Reasonable financial provision under the Inheritance(Provision for Family and Dependants)Act 1975
Miles & Shearer v Shearer  EWHC 1000 (Ch) is a claim that was brought against the estate of Anthony Presley Shearer by his two adult daughters Juliet and Lauretta. At the time of the action Juliet was 40 years old and Lauretta 39 years old. The claimants brought an action against the estate seeking an order for reasonable financial provision by way of maintenance, on the basis their father gave generous financial provision to them during his lifetime, pursuant to the Inheritance (Provision For Family and Dependants) Act 1975.
Juliet and Lauretta were the children of the Deceased’s first marriage. The Deceased did not have any other children. The Deceased had remarried, and at the time of his death remained so to Pamela Leslie Shearer, the executrix and beneficiary of the estate. By his will dated 2nd February 2015 the Deceased made no provision for his adult daughters and the principal beneficiary was the second wife, Pamela. Probate was granted on 14th May 2018 and the net value of the estate in the United Kingdom was £2,190,226 and in France assets were valued at £3,574. The estates did not include a property owned by the Deceased and his wife Pamela or a property in Provence which passed to Pamela upon his death.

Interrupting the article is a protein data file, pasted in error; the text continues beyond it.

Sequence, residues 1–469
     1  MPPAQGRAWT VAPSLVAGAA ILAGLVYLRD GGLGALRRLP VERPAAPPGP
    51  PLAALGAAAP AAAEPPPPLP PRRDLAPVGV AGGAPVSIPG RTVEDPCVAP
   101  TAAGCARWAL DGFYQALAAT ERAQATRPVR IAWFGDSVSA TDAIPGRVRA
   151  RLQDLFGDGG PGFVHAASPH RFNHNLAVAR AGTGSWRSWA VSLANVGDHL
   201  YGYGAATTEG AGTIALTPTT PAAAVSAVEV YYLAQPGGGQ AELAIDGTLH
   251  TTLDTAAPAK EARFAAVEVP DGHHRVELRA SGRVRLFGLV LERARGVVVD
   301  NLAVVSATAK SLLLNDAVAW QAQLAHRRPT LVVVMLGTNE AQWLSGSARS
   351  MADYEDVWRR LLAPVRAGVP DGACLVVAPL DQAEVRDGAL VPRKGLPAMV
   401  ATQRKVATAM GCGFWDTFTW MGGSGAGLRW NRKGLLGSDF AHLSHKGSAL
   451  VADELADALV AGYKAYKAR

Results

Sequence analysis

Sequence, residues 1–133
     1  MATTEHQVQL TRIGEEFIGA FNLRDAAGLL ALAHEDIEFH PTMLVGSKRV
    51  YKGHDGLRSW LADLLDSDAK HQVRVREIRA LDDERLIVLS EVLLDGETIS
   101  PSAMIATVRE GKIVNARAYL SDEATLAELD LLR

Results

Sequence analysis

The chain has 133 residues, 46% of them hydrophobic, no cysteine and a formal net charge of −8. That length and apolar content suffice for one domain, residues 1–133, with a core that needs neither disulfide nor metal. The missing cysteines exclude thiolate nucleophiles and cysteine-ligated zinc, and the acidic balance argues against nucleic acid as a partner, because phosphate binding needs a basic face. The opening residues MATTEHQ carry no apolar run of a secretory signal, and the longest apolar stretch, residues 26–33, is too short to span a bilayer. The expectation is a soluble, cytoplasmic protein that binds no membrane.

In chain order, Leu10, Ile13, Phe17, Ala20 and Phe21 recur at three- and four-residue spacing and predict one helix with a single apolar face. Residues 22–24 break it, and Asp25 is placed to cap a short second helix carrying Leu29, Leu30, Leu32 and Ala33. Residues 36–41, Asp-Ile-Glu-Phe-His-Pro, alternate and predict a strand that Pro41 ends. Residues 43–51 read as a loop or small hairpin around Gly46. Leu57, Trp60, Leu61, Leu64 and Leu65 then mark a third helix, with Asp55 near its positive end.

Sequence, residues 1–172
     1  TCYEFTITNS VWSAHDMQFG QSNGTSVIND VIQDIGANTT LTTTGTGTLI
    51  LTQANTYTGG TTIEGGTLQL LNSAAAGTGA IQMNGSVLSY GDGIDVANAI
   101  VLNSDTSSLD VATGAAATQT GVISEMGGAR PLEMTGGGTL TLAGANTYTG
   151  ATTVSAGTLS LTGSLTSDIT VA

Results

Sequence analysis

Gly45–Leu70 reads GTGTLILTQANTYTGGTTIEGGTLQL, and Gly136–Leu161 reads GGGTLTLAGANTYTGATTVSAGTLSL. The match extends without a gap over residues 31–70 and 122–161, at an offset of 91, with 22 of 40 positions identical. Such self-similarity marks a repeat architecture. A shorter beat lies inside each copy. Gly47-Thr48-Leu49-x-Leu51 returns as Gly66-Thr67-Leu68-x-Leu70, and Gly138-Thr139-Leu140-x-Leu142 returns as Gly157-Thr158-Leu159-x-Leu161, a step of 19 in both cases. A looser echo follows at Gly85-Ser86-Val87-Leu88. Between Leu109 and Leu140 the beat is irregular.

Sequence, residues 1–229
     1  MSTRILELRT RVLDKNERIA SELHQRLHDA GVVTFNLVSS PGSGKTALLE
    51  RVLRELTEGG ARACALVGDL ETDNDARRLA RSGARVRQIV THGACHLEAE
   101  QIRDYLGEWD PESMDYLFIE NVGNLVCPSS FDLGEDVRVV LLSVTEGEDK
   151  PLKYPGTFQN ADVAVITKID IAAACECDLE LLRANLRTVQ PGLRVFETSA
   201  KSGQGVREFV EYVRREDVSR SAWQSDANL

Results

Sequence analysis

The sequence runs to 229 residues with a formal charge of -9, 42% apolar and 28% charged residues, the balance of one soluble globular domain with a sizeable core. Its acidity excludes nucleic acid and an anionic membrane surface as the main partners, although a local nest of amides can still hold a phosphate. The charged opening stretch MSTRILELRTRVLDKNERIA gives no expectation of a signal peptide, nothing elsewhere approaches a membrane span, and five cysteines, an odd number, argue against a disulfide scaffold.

Inheritance (Provision For Family and Dependants) Act 1975 (hereinafter referred to as ‘the 1975 Act’)
The 1975 act enables a claimant to make an application under Section 2 for financial provision from the Deceased estate if they are within one of the listed categories within Section 1. Each of the claimants were entitled under Section 1(c) as a ‘child of the Deceased’ to seek ‘reasonable financial provision’ from the Estate.
In determining the application, the court will consider the factors contained in Section 3 of the 1975 Act which are as follows:
Section 3 Matters to which court is to have regard in exercising powers under s. 2.
(1) Where an application is made for an order under section 2 of this Act, the court shall, in determining whether the disposition of the Deceased’s estate effected by his will or the law relating to intestacy, or the combination of his will and that law, is such as to make reasonable financial provision for the applicant and, if the court considers that reasonable financial provision has not been made, in determining whether and in what manner it shall exercise its powers under that section, have regard to the following matters, that is to say—
(a) the financial resources and financial needs which the applicant has or is likely to have in the foreseeable future;
(b) the financial resources and financial needs which any other applicant for an order under section 2 of this Act has or is likely to have in the foreseeable future;